Monday, 16 November 2015

KAFKA ON THE EXEMPLARY MARRIAGE: LOYALTY, CHILDREN, AND MUTUAL SUPPORT.
Kafka's parents


Marriage is certainly the clearest proof of self-liberation and independence [from one’s family]. It would give me a family of my own – the highest of all achievements in my opinion, and indeed your highest achievement. It would make me your equal. All the old and new embarrassments and your tyranny would be no more than past history then. That would be like a fairy tale, and that is what makes it questionable. It is too great an achievement to be attainable. I would be like a captive who had intentions not only to flee, which might be attainable, but who intended at the same time to remodel his prison and make it into a pleasure dome. But when he flees he cannot remodel it, and if he wants to remodel it, he cannot flee.

If I want to free myself from my particularly unhappy relationship with you and become independent, I must achieve something that has, if possible, nothing whatsoever to do with you. Marriage is the greatest achievement and offers an honourable way to become independent, but it is also most closely associated with you. To escape in this manner has an element of madness about it, and every attempt therefore carries a penalty…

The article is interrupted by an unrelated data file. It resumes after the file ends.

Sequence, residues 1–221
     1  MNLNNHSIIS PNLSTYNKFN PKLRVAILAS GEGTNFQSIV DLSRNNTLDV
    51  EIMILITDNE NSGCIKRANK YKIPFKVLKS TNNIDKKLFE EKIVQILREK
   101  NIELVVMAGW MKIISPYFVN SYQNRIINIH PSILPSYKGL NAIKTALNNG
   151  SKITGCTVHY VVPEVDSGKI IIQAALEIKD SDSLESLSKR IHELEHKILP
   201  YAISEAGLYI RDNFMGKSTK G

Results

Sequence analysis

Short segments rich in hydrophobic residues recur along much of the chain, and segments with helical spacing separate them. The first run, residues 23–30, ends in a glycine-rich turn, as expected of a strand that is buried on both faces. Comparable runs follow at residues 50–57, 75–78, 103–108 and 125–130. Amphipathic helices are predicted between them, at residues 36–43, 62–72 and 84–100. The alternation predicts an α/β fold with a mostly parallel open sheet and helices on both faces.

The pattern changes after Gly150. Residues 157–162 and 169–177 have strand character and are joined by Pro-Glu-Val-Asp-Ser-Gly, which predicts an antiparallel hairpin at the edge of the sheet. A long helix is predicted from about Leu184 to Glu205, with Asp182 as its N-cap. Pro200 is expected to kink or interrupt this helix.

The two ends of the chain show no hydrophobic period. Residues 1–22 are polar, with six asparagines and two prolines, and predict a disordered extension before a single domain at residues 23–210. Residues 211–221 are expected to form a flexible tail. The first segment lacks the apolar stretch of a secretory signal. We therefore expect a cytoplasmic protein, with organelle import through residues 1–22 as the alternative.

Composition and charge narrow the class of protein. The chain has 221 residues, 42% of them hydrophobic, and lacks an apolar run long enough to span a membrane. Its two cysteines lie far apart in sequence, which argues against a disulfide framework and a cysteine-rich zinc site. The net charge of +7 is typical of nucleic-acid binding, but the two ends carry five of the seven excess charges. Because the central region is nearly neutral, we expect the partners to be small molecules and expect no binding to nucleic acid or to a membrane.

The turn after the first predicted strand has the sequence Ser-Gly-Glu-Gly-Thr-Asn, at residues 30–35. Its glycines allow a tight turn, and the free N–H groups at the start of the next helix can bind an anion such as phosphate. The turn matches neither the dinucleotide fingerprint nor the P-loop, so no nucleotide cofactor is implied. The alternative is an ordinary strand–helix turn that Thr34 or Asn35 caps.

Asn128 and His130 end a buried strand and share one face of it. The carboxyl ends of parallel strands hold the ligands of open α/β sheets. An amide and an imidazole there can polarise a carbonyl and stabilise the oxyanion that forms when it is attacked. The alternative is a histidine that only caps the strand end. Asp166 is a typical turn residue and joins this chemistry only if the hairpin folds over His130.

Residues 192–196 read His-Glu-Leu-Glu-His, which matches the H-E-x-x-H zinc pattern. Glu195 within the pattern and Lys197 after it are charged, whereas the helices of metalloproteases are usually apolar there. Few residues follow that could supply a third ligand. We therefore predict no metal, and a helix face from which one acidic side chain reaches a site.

The way things are between us blocks my way to marriage, because it is your most personal area of engagement. Sometimes I imagine a map of the world laid out before me, and you lying stretched across it. Then I have the feeling that the only areas feasible for me to inhabit are those you do not cover, those that are outside your reach. That is, roughly, my idea of your greatness. There are not many or very comfortable areas left, and marriage is among the areas [covered by you]…


Your marriage offered me in many ways an exemplary model, exemplary in loyalty, mutual support, and number of children. Even after the children grew up and increasingly disturbed the peace, your marriage remained untouched in its essence.  It may have been exactly this example that developed in me a high opinion of marriage. There were other reasons that made me powerless to realize my own desire to marry. They had to do with your relationship to your children, and that’s what this whole letter is about. 

(Source: Letter to my Father, text on www.kafka.org; my translation. Image: slidesharecdn)

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